HISTORY - Major League teams began producing photo postcards for their players in the 1940's and
early 50's. This was a relatively inexpensive way for the players to honor autograph requests through the
mail. The St. Louis Browns, the Orioles' predecessors, were one of the first teams to do this. When the
team moved to Baltimore in 1954, they continued the practice. The postcards that the team issued from
1954 to 1956 were black and white with a glossy finish (Real Photo postcards). The Orioles dropped the
postcard-style back in favor of a blank back sometime in 1956. These blank backed cards are also known
as photo-cards. Most of the postcards found from the fifties and early sixties are autographed. Players
continued to sign and mail the postcards out throughout the sixties and into the seventies. It appears that the
a combination of higher postage rates and a much larger volume of autograph requests, made the practice
of sending out postcards too expensive for the players in the late sixties and early seventies. It was around
this time that players began only honoring requests that had a self-addressed stamped envelope. Even though
very few of the postcards from the seventies were ever mailed out without being placed inside an envelope,
the Orioles started using a postcard-style back again in 1981. This continued through 1991 and with late
season call-ups even today. I have never seen a postcard from the 1980s or 90's that was actually mailed out.
With the move to Camden Yards in 1992, the postcard-size photos beagn using message backs.
FOR SALE - Several of the early postcards can also be found with a handwritten note on the back "Additional photos 10 cents each". Some of the pioneer collectors, such as Dan Even and Bob Thing wrote to the Orioles and all other Major League teams during the early years requesting the current year's set. Forty years later they are still writing the teams each year. In 1970, the team changed to a color postcard. The 1971 and 1972 Orioles Yearbooks had an ad offering the "Full Color Postcard Size Player Photographs" for 10 cents each or $2.50 for the entire set of 30. The Baltimore Orioles Publishing Department continues to sell the postcards (as a team set) via mail today ($12.00) and on occasions at the Camden Yards concession stands.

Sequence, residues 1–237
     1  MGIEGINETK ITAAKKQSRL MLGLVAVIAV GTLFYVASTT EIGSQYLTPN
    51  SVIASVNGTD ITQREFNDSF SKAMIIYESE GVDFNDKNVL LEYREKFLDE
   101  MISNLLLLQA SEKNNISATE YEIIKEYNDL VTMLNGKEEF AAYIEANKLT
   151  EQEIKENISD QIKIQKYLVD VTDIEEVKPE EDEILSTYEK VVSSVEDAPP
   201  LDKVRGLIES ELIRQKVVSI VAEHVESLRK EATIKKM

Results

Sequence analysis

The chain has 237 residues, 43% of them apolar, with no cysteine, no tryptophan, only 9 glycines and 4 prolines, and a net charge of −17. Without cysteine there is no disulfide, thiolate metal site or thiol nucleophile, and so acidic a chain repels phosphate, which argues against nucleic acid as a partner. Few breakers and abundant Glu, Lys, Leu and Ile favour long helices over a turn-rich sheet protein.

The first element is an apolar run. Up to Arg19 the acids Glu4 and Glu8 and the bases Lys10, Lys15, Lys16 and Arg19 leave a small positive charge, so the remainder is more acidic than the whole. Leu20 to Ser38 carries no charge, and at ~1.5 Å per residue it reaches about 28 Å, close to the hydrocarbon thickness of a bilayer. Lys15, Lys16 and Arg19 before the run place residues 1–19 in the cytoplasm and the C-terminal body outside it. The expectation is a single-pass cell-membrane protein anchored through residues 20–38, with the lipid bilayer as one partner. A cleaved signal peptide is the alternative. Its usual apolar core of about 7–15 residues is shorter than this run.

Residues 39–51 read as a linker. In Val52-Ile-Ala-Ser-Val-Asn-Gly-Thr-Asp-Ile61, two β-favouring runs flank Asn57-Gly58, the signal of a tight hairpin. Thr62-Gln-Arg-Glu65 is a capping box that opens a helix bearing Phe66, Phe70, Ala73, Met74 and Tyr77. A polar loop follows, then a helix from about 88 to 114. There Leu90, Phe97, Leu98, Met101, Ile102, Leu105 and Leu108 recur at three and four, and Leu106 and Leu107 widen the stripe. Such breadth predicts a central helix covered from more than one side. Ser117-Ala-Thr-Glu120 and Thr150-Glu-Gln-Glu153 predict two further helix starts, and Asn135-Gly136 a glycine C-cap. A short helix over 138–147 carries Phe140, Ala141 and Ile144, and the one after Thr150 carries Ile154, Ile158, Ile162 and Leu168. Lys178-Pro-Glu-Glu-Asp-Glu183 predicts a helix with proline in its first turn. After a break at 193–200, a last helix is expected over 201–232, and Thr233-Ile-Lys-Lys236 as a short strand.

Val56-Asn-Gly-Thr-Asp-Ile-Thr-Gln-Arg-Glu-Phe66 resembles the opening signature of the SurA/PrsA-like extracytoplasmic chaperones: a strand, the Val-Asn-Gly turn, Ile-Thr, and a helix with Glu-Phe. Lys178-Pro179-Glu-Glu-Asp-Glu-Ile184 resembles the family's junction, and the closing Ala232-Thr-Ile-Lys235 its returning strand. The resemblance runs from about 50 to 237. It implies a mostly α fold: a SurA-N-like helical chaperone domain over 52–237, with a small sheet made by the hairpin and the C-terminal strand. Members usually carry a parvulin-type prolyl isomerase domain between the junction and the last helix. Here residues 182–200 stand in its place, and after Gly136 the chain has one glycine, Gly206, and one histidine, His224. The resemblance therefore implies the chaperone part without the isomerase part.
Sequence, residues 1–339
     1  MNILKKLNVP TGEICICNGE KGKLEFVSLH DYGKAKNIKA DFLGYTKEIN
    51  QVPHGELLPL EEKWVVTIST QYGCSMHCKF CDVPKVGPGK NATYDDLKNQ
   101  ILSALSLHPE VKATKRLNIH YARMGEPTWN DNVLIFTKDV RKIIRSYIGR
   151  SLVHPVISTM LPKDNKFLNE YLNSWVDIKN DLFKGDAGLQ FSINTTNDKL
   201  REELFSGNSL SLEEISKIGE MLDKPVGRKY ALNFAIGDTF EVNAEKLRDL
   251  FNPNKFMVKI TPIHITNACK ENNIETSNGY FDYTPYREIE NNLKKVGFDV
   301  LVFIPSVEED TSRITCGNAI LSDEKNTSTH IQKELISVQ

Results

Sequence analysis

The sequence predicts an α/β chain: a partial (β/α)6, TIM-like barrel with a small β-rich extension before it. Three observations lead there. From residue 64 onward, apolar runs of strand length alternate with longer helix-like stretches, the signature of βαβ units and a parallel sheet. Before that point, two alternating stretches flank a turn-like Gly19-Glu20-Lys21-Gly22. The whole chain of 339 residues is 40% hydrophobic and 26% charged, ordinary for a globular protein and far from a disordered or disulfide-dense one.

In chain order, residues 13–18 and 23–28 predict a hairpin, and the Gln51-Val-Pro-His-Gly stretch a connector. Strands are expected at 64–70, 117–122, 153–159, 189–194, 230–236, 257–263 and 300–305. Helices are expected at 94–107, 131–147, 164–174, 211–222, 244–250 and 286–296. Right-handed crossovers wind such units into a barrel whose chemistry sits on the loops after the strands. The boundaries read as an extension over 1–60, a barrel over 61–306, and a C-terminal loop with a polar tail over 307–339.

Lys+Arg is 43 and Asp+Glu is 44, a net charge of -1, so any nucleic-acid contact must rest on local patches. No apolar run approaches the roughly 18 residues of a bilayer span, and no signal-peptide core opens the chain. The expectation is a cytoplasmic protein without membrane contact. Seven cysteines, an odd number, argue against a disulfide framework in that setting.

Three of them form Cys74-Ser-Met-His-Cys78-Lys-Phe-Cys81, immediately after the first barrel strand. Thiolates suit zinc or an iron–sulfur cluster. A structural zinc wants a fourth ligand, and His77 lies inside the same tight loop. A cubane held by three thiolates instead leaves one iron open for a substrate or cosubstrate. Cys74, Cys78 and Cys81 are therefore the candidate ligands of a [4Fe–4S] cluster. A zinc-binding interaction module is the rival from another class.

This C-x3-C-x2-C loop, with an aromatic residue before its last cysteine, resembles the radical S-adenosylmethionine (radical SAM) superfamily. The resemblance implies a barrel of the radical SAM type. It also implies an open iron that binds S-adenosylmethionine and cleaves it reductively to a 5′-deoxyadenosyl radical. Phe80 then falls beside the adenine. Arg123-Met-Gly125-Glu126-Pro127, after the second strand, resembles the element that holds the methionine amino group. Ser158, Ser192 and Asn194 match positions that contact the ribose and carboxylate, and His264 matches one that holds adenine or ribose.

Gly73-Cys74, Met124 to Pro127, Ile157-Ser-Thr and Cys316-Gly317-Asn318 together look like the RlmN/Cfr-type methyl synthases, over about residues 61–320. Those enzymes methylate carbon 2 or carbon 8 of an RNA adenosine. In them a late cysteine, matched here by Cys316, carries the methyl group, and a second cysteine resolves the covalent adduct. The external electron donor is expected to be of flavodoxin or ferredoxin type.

What was issued - The team has always produced their postcards on an "as needed" basis. If they felt that they had enough PCs of a player left over from the previous year, a new PC would not be produced. You could have 5 people order the current year's set at the same time and more than likely each person would receive a different group of postcards. You would probably get all players that were currently with the team but some of the PCs may be two or three years old. Another person may get current PCs for those players but older ones for others. At the end of each year's listing is a list of "Other possibilities". These were players that played for the Orioles during that year but there no PCs were issued that we know of.
Uncut Sheets - Team issued postcards are made on large poster size sheets. The 1991 uncut sheet has a total of 42 postcards on the sheet. All "regular issued" player postcards for that year are on the sheet plus double prints of Ben McDonald, Elrod Hendricks, Dave Johnson, Cal Ripken Jr. and a blank "Official Orioles Autograph Card". The Orioles Bird PC is printed 6 times at the bottom of the sheet. All double prints on this sheet appear to be the exact same photo. Several of the double printed PCs on the 1987 uncut sheet have cropping differences between each PC. The Orioles usually produce there main group of postcards around the end of June of each year. They will also produce smaller groups at the beginning of the year (for players signing at the Orioles Winter Carnival, etc.) and for late season callups. Sometimes the early or late season PCs are black and white only. Posters of the 1979 and 1983 Championship teams were produced that look very similar to uncut sheets. These posters were the same thickness as an uncut sheet of postcards but the posters have a title across the top and only one PC of each player is displayed. The backs of these posters were blank.